On 6 May 1952, at King’s College London in London, England, Rosalind Franklin photographed her fifty-first X-ray diffraction pattern of deoxyribosenucleic acid, or DNA. Photograph 51, or Photo 51, revealed information about DNA’s three-dimensional structure by displaying the way a beam of X-rays scattered off a pure fiber of DNA. Franklin took Photo 51 after scientists confirmed that DNA contained genes. Maurice Wilkins, Franklin’s colleague showed James and Francis Crick Photo 51 without Franklin’s knowledge. Watson and Crick used that image to develop their structural model of DNA. In 1962, after Franklin’s death, Watson, Crick, and Wilkins shared the Nobel Prize in Physiology or Medicine for their findings about DNA. Franklin’s Photo 51 helped scientists learn more about the three-dimensional structure of DNA and enabled scientists to understand DNA’s role in heredity.
In April 1953, Rosalind Franklin and Raymond Gosling, published “Molecular Configuration in Sodium Thymonucleate,” in the scientific journal Nature. The article contained Franklin and Gosling’s analysis of their X-ray diffraction pattern of thymonucleate or deoxyribonucleic acid, known as DNA. In the early 1950s, scientists confirmed that genes, the heritable factors that control how organisms develop, contained DNA. However, at the time scientists had not determined how DNA functioned or its three-dimensional structure. In their 1953 paper, Franklin and Gosling interpret X-ray diffraction patterns of DNA fibers that they collected, which show the scattering of X-rays from the fibers. The patterns provided information about the three-dimensional structure of the molecule. “Molecular Configuration in Sodium Thymonucleate” shows the progress Franklin and Gosling made toward understanding the three-dimensional structure of DNA.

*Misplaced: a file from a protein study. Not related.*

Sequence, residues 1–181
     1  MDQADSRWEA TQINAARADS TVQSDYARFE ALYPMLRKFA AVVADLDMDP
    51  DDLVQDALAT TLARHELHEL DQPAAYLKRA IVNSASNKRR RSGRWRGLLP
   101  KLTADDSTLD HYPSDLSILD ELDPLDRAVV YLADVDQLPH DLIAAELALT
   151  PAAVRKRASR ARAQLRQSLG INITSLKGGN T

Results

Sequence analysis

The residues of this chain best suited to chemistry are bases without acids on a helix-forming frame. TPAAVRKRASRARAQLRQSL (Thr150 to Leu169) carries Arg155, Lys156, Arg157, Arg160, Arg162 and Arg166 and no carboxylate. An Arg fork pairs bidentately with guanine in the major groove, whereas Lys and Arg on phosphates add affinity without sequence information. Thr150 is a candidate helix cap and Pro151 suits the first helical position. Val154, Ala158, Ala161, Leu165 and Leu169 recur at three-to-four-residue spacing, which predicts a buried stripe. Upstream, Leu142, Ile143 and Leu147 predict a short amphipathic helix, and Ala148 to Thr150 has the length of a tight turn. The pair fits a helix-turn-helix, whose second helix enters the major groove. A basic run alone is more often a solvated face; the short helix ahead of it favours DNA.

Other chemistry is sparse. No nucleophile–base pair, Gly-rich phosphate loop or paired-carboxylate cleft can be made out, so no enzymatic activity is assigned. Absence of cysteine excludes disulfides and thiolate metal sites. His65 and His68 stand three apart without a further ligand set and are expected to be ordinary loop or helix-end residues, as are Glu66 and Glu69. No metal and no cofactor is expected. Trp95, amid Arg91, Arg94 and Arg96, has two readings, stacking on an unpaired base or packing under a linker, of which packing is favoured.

William Thomas Astbury studied the structures of fibrous materials, including fabrics, proteins, and deoxyribonucleic acid, or DNA, in England during the twentieth century. Astbury employed X-ray crystallography, a technique in which scientists use X-rays to learn about the molecular structures of materials. Astbury worked at a time when scientists had not yet identified DNA’s structure or function in genes, the genetic components responsible for how organisms develop and reproduce. He was one of the first scientists to use X-ray crystallography to study the structure of DNA. According to historians, Astbury helped establish the field of molecular biology as he connected microscopic changes in the structure of materials to changes in their large-scale properties. Astbury and his images helped scientists to understand the structure of DNA and its role in genetics.
In February 1953, Linus Pauling and Robert Brainard Corey, two scientists working at the California Institute of Technology in Pasadena, California, proposed a structure for deoxyribonucleic acid, or DNA, in their article “A Proposed Structure for the Nucleic Acids,” henceforth “Nucleic Acids.” In the article, Pauling and Corey suggest a model for nucleic acids, including DNA, that consisted of three nucleic acid strands wound together in a triple helix. “Nucleic Acids” was published in Proceedings of the National Academy of Sciences shortly after scientists came to the consensus that genes, the biological factors that control how organisms develop, contained DNA. Though scientists proved Pauling and Corey’s model incorrect, “Nucleic Acids” helped scientists understand DNA’s structure and function as genetic material.